So I am doing very well with my Lama and it is turning out to be a valuable tool in teaching me where to point the thing and how to handle the tail.

The difference in technology however is signficant - at least it seems to me to be that way. The Lama is nothing compared to the Honey Bee when it comes to setting it up and getting - and keeping - it trimmed. In the HBK the rotors whizz around at a roughly fixed speed, then you apply pitch and up she goes. It seems to me they whizz a lot faster than the Lama too. Mine had a balance problem from the get-go. I now have scales and I painstakingly balance the blades (did - that is. I never bothered with the Lama to balance anything.) Well balanced blades seemed to make a big difference.

Setting up the swashplate too was a challenge. If you are familiar with setting up computer radios on planes it is not so hard, but the swashplate travel, pitch curves, throttle curves and all are pretty critical. Not hard - but painstaking. The thing really has no room for error. And understanding what it was all about was essential - lots of help on the web there and I have books and printouts and read it all.

The gyro also proved a challenge for me in that I had it working backwards at first - man the thing was a pain to control! Then I was shown how to "flick" the tail of the helicopter in one direction and watch which way the tail rotor turns - it should turn to push against the direction of the flick. Once I had it set up in the proper direction the gain was a challenge, but not too difficult to get right - again, patience and time and a few martinis.

Bottom line, in my opinion, there is a world of difference between the Honey Bee King with CCPM and the Lama. I find the Lama a very satisfying machine to fly and it is really helping me get to handle the controls properly. Hovering with the HBK was far more difficult, but I was getting there. Training wheels on the HBK are essential - for me they were, for the Lama I don't need them at all.

I am now building a T-Rex - they make an ARF but I love building and it seems to me to know how the thing goes together - for the inevitable TakeItApartToFixIt - is valuable knowledge. I shall not fly this until I feel more secure though. I have also been told the T-Rex is more stable than the HBK, dunno.

The other thing that is worth its weight in gold is a good simulator. I have Real Flight which is not cheap but it gets terrific use, not only by me but by all the kids - the male ones at least - as well! Also I can fly planes of all descriptions as well as different helicopters. Worth the money.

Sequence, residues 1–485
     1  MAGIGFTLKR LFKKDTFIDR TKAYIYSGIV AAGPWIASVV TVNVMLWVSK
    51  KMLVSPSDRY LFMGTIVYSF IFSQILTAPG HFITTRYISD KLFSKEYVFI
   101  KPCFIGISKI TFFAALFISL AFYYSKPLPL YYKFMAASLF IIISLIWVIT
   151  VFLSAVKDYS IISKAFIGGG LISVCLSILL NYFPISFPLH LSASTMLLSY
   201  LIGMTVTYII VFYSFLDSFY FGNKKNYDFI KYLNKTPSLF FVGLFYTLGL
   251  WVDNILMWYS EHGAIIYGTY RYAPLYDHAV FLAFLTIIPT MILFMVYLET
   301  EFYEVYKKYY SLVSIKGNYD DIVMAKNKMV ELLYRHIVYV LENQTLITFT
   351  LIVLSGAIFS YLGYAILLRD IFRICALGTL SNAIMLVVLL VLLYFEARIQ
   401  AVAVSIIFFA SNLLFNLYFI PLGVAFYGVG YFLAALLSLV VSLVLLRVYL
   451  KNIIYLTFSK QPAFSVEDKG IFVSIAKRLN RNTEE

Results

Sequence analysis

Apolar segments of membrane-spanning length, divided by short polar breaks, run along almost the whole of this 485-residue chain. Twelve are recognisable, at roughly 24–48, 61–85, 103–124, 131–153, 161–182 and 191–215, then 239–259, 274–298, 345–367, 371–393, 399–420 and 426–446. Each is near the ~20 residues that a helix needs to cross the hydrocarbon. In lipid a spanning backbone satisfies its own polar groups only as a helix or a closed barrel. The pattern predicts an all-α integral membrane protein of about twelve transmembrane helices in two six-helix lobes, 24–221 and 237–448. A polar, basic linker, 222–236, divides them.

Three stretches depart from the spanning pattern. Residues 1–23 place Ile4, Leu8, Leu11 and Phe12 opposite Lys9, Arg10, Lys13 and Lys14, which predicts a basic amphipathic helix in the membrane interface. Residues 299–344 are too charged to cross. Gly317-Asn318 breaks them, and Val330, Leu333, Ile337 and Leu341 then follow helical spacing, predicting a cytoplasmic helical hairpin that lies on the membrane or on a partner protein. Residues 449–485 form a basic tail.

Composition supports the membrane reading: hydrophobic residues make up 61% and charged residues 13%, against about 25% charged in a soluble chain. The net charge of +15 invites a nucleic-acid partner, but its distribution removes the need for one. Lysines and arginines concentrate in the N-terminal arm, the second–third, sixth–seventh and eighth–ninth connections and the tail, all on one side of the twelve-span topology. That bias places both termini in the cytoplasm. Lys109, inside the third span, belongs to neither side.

Hope this helps. Good luck - the HBK is a great gadget!

Lawrence
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Old Jul 24, 2007, 12:18 PM
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oK....I will forget about the Honey Bee King and Honey Bee CP. I will just get the 4-ch Honey Bee. I just want something that's easy to control yet powerful enough to do a little bit of out door. I know for a FACT that the Honey Bee is harder to control than a Lama V3/V4 but it's more powerful than the Lama to do outside flying.

Even though to be honest I concluded 80% getting the Honey Bee, but last night when I looked at some of those Honey Bee King 2 videos they just blew my mind away - taking into account the perofrmance for the price of the Honey Bee King 2, not bad at all...that's why I thought "maybe" I can go for a 6-ch Honey Bee King 2 as suppose getting the 4-ch Honey Bee. But based on what you guys have said...I'm going to step away from the 6-ch Honey Bee King 2 for now, at least for a couple of months and test to see how I do with the "harder to control compared to the lama" Honey Bee first, then maybe I'll switch to a 6 ch heli. But, damn, that Honey Bee King 2 can fly ! And they come with carbon fibre version as well ~~~ouuu~~ so tempting. And they are not crazy expensive......Honey Bee King 2 is just 40$ - 50 $more (approx) than the Honey Bee
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Old Jul 24, 2007, 01:17 PM
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Compared to an FP heli, your Lama practically flies itself. That should give you an idea of the learning curve required to fly an FP heli after you have become proficient on a coax. Also, although FP's have more FF authority in MILD winds, they are really not good for anything over about 5mph winds; they just don't perform in winds like a CP heli. Their big advantage over a CP is that they are fairly rugged and cheap to fix. Most of my FP crashes do not require parts replacement. With CP's, you're almost guaranteed having to repair it after every crash.

Doubletap
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Old Jul 25, 2007, 08:17 AM
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I really do recommend a simulator, it will give you an idea of how the various helicopters, and planes, perform; it's also great fun. They are expensive but save money as you can get a feel for a particular model without having to buy replacement parts! My biggest problem with a helicopter was handling the tail, getting the nose in the right direction. I learnt with the simultor that if I could keep my brain focused on the FRONT of the helicoptor, and be always aware of left, right and backwards (the nose-out, nose-in syndrome, which I find my years of airplane flying have really helped train me) then my hope is that going back to CCPM from a Lama will be less of a disaster! Some months out to be sure and I'll report my success, but meanwhile the Lama is a lot of fun.

Lawrence